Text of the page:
Fr. Philip Neri Powell, OP
St. Dominic Church, NOLA
We've heard it said—many times—that we live and move and have our being in God. Without God, we are nothing, literally, not a thing at all. So, one of the most humble services that we perform for ourselves is to measure, to take account of, where we stand in the creating and re-creating kinship that gave us life and sustains us in love. When we perform this humble service, what are we measuring? What sort of scale do we use? Since our relationship with God is familial, that is, we think and act along with God as a family, and since a family is bound together by blood and nourished in love, we could describe our relationship to the Father as holy—a relationship set apart from the world, consecrated to a divine purpose. How then do we measure holiness—our nearness to the Father, our distance from Him? Sin measures our distance from God; obedience measures our nearness. The Preacher of Ecclesiastes tells us that all things under heaven have their appointed time, a time to arrive and unfold, a time to depart and decay. As we live and move and have our being in God, it is always time to measure our kinship with Him. Now and always is the right moment to ask yourself, “Who is Jesus for me and mine?” Your answer measures your holiness.
When Jesus asks his disciples, “Who do you say that I am?” and Peter answers, “The Christ of God,” Jesus rebukes them all and orders them to keep this answer a secret. Having taken the measure of his disciples and heard their confession of faith, our Lord not only silences them, he also reveals to them his immediate future: suffering, rejection, death, and resurrection. Does he silence them b/c he fears too many will suffer and die along with him? Or does he demand they keep this secret so that his ministry might not be impeded by his enemies? Our Lord knows that to follow him is invites persecution. But following him also guarantees rescue. Following him guarantees death, but it also promises resurrection. Maybe he demands silence about his true identity b/c he knows that too many will too quickly chase after him and fail to soberly measure the consequences, fail to honestly take account of the sacrifices required to live the radical love that the Father demands of His children. If there is a time to be born and a time to die, a time to sow and a time to harvest, then there is a time to soberly, honestly measure who Christ is and who you are as his student in the school of charity.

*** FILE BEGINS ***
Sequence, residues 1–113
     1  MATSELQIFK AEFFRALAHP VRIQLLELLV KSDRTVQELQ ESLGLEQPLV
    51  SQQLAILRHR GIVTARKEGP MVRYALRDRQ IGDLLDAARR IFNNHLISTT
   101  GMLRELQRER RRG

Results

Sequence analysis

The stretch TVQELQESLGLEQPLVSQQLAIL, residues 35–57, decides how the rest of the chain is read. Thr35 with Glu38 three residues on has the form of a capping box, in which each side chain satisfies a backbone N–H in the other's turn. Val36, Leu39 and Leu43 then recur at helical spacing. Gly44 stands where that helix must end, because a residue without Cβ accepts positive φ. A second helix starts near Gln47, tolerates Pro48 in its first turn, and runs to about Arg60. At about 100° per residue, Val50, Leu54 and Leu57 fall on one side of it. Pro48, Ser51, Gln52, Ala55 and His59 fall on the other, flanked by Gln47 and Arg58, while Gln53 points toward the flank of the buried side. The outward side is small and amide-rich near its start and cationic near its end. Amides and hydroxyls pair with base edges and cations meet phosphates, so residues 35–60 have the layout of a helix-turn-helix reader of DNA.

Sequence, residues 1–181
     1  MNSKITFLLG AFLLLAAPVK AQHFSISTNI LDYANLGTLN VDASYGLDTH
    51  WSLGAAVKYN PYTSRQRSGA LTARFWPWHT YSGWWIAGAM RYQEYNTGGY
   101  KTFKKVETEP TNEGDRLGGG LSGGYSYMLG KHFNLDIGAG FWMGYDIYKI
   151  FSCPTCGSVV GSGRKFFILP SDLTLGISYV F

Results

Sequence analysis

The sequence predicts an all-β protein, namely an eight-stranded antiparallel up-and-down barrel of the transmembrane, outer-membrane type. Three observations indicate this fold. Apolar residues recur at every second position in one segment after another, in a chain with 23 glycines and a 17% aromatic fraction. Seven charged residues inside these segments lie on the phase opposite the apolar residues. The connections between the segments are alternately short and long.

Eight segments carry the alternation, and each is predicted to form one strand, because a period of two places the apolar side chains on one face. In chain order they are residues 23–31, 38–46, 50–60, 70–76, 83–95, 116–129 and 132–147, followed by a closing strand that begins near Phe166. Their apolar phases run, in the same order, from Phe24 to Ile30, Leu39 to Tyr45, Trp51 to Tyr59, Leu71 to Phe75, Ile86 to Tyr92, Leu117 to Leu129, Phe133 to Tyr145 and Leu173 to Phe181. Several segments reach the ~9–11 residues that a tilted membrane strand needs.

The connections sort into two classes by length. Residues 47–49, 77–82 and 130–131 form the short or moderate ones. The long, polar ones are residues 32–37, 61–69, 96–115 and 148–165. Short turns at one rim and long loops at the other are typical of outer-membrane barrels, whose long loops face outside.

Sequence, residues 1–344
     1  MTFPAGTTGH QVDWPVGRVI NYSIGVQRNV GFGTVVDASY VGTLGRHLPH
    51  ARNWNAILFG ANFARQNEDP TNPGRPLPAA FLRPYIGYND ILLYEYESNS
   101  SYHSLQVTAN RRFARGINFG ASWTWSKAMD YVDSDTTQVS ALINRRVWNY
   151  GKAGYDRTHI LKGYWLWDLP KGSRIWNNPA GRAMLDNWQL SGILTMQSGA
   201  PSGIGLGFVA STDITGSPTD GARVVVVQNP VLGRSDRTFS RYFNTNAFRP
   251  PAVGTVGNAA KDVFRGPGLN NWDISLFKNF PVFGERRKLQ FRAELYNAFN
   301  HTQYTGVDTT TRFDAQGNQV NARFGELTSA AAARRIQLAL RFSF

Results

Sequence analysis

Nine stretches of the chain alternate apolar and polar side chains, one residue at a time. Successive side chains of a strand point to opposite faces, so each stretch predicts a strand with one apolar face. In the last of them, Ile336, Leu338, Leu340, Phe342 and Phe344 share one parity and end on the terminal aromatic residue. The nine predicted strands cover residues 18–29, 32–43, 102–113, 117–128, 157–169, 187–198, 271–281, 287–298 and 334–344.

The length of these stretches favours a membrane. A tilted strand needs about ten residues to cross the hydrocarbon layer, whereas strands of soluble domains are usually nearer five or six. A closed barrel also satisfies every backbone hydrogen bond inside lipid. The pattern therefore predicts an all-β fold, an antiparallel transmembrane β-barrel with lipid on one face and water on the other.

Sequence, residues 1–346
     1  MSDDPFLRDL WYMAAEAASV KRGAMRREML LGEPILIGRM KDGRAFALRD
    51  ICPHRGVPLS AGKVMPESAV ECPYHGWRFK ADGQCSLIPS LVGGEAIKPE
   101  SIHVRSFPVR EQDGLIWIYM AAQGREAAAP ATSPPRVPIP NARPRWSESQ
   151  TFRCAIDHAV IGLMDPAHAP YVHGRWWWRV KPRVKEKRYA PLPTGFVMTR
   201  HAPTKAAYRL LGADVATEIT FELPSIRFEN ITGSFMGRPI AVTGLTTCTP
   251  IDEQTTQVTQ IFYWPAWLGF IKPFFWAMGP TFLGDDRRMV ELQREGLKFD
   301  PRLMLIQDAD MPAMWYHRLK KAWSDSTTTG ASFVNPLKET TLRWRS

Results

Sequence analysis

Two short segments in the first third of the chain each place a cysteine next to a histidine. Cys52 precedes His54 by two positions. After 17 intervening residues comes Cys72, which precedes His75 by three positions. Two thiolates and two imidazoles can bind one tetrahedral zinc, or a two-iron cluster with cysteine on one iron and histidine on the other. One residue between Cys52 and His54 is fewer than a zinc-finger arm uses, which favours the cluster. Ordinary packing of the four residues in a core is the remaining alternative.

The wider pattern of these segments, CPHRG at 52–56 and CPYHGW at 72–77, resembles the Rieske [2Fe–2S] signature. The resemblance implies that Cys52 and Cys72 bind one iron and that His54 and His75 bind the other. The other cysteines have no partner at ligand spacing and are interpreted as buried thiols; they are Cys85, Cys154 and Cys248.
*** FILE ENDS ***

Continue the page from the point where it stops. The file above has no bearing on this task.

Friday is the traditional day in the Church calendar when we remember the crucifixion and examine our relationship in holiness with God. If sin measures our distance from God and obedience our nearness, then there is no better day to take account our of disobedience and give thanks for the nearness of His mercy. And there is no better way to accomplish this work of humility than to spend some time seriously contemplating our answer to the question, “Who do you say Jesus is?” For there to be any chance at all that he is the rock of your holiness, he must be—minimally—the one, the only one who suffered on the cross for you; died for you; and rose on the third day for you. Whatever else and whoever else he might be for you—enlightened master, social justice icon, moral exemplar—he must be the Crucified Christ, the long-promised Messiah. Your faith in this truth is the unique measure of your holiness. Not the only measure to be sure but the one that gives all other measures their scale. I dare you: examine your day—your thoughts, words, deeds—and ask yourself before you fall asleep: seeing and hearing me today, is there anyone out there b/c of me who loves God more now than they did when they woke up this morning?_____________
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